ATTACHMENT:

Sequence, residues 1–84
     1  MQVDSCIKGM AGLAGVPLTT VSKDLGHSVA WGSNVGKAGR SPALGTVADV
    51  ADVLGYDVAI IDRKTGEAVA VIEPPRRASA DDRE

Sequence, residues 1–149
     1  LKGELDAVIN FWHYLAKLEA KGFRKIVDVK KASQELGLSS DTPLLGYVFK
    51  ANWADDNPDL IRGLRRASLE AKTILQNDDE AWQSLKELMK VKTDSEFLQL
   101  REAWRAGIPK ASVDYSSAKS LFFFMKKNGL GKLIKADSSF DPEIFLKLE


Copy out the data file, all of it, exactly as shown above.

Sequence, residues 1–84
     1  MQVDSCIKGM AGLAGVPLTT VSKDLGHSVA WGSNVGKAGR SPALGTVADV
    51  ADVLGYDVAI IDRKTGEAVA VIEPPRRASA DDRE

Sequence, residues 1–149
     1  LKGELDAVIN FWHYLAKLEA KGFRKIVDVK KASQELGLSS DTPLLGYVFK
    51  ANWADDNPDL IRGLRRASLE AKTILQNDDE AWQSLKELMK VKTDSEFLQL
   101  REAWRAGIPK ASVDYSSAKS LFFFMKKNGL GKLIKADSSF DPEIFLKLE